My name is Stuart Duncan, creator of My oldest son (Cameron) has Autism while my younger son (Tyler) does not. I am a work from home web developer with a background in radio. I do my very best to stay educated and do what ever is necessary to ensure my children have the tools they need to thrive. I share my stories and experiences in an effort to further grow and strengthen the online Autism community and to promote Autism Understanding and Acceptance.

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6 Responses to Knowing your child’s limits

  1. Sabrina August 3, 2011 at 10:18 pm #

    Oh those terrible 2’s. When my oldest was on that stage I was pregnant already. And I used to think that was good I was already pregnant because after that stage I didn’t want more then 1 demon at home!. LOL. Now I have 2 great kids. :).
    We used to call her “the kraken” when she reached that point. She fighted the nap so much I stop having that battle. Instead I took her for a walk around the block, No car, no stroller, just walking. No matter the weather , snow or extreme heat, we went for a walk, we both calm down with it. Of course she used to go to sleep so early then , as she get so tired of the walk plus she was already tired. But was the only way I wouldn’t jump throw the window.

    With my little one, well he is just 25 mo. It has been different. He Knows how to calm himself down. He stimms. He does YOGA poses, and he calms down. When he is overtired he comes to me, starts making the tune of “go to sleep” and then I take him to his crib. I know those days will change soon. And he will be so overtired. As in September he will have 3 hours of therapies morning and then 3 hours of preschool afternoons. So.. yes, I’m so sure I’m going to have a hell of a month.. at least at the beginning. ..

    I will be the one needing a 2 hour nap I guess! πŸ™‚

  2. Soma Mukherjee August 4, 2011 at 6:19 am #

    You are so right. loved this article. we have to know when to stop.would like to add,kids do watch us quite closely so if we react aggressively to a situation they learn from it. My daughter used to look for signs of anger whenever she would throw or spill something and would be amused when she would find none. cos I would simply hold her hand and clean it up. and then say yuppeee the place is clean how easy. takes time but is really good longterm…and as you so beautifully pointed out calming them is important, knowing when is important..thank you so much for this beautiful piece.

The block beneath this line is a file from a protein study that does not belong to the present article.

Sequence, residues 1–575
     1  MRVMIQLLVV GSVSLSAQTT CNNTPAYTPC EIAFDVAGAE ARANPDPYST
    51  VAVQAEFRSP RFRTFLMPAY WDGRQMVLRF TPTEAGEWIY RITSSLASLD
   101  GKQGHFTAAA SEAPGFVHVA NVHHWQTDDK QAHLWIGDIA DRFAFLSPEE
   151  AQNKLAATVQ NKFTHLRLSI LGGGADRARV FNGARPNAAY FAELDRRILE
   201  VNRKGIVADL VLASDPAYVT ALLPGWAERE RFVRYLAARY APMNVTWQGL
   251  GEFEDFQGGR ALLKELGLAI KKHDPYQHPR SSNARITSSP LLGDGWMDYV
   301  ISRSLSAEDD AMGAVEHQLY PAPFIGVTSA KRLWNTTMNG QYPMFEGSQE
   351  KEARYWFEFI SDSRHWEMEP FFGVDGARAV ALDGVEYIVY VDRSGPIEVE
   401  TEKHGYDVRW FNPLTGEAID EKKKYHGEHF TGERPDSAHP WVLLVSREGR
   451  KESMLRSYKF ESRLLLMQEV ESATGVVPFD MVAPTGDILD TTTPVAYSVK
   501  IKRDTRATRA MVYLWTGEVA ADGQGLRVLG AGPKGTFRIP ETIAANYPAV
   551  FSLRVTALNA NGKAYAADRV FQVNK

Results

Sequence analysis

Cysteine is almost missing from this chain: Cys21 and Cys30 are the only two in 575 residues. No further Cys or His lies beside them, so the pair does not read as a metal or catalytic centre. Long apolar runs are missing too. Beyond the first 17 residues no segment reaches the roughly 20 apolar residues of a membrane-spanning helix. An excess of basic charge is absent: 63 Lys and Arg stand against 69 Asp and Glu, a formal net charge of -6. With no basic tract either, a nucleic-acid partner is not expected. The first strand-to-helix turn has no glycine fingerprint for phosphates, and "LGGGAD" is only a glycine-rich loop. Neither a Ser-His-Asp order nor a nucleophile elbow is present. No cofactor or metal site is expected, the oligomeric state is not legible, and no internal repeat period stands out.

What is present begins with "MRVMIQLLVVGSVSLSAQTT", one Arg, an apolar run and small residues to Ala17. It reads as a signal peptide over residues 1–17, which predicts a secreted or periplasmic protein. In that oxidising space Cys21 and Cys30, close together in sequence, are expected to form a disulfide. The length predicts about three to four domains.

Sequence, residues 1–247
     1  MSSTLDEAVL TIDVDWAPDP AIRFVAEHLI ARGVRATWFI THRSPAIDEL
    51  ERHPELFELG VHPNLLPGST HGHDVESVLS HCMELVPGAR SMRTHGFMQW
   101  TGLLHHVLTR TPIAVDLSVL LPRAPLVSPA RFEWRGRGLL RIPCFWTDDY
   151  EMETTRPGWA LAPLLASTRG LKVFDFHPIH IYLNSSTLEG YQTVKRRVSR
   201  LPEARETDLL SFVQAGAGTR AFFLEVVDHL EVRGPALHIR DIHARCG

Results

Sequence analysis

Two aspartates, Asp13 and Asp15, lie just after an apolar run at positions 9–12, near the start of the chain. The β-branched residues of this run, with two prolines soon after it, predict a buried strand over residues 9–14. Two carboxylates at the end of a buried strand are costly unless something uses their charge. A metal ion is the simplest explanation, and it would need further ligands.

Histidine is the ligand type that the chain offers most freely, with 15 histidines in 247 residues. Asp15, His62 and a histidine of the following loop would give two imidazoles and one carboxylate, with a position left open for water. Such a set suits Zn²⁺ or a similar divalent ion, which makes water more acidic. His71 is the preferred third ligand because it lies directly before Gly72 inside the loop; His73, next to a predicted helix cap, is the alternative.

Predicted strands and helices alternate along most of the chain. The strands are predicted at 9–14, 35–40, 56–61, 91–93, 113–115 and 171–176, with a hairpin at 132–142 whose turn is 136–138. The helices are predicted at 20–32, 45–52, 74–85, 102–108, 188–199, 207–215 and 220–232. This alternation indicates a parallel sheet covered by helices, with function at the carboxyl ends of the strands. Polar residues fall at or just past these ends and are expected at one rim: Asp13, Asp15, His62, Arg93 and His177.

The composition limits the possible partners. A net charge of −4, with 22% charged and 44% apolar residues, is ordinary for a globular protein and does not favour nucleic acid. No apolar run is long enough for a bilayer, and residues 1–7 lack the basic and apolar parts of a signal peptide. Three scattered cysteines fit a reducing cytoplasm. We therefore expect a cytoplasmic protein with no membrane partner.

3. Angel G August 4, 2011 at 1:18 pm #

    I hear ya! My eight and seven year olds will sometimes get to the point where a nap is needed. Since they considered naps to be for babies, we started calling them siestas.

    Sometimes our minds and bodies just need a break.

  4. mylindaelliott August 4, 2011 at 2:54 pm #

    Hmm. Maybe that’s what is wrong with me some afternoons. I’d love a nap. πŸ™‚

    All kidding aside, I did get to the point where I could look at my daughters and tell she had enough. She needed to go home to be by herself.

    Great post. Thank you.

  5. Kevin O'Sullivan August 4, 2011 at 9:38 pm #

    Very good piece this and a timely reminder. Just for background I have three young boys, 4,6 and 8, my 8yr old Sebby is autistic whilst his younger brothers are not and a tired Sebby is more of a handful than the others. For what it’s worth recently I have discovered a relaxation method that works for Sebby (and me). Whenever the signs are there that we are close to breaking point I ask Sebby if he wants to do our breathing, all we do is lie down on our backs on his bed or couch, close our eyes and continuously breath, no pause just breath in breath out. At first I thought this would be a waste of time but over the past couple of months it has become almost a daily occurrence near bedtime that Sebby actually asks to do. It may not work for everyone but I have found it very good for both Sebby and me, it is now our little thing we do, and on the plus side I get a 10-15 min break just relaxing with my son.


  1. Knowing your child's limits | Autism Spectrum Disorders | - August 4, 2011

    […] Knowing your child's limits You know your child and you know when they've gone beyond the point of no return. You'll need to be the bad guy and step in. You will need to ensure they relax and calm down. Source: […]